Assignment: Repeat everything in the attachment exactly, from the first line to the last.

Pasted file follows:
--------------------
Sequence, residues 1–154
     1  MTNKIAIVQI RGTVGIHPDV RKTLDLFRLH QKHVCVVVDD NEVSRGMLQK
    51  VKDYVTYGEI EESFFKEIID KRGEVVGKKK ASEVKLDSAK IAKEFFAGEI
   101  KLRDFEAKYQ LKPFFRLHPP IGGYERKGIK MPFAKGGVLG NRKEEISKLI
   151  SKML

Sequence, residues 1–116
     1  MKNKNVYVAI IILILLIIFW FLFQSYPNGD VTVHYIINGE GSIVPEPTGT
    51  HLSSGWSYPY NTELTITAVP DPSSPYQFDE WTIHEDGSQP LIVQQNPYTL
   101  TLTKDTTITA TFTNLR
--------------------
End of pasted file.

Sequence, residues 1–154
     1  MTNKIAIVQI RGTVGIHPDV RKTLDLFRLH QKHVCVVVDD NEVSRGMLQK
    51  VKDYVTYGEI EESFFKEIID KRGEVVGKKK ASEVKLDSAK IAKEFFAGEI
   101  KLRDFEAKYQ LKPFFRLHPP IGGYERKGIK MPFAKGGVLG NRKEEISKLI
   151  SKML

Sequence, residues 1–116
     1  MKNKNVYVAI IILILLIIFW FLFQSYPNGD VTVHYIINGE GSIVPEPTGT
    51  HLSSGWSYPY NTELTITAVP DPSSPYQFDE WTIHEDGSQP LIVQQNPYTL
   101  TLTKDTTITA TFTNLR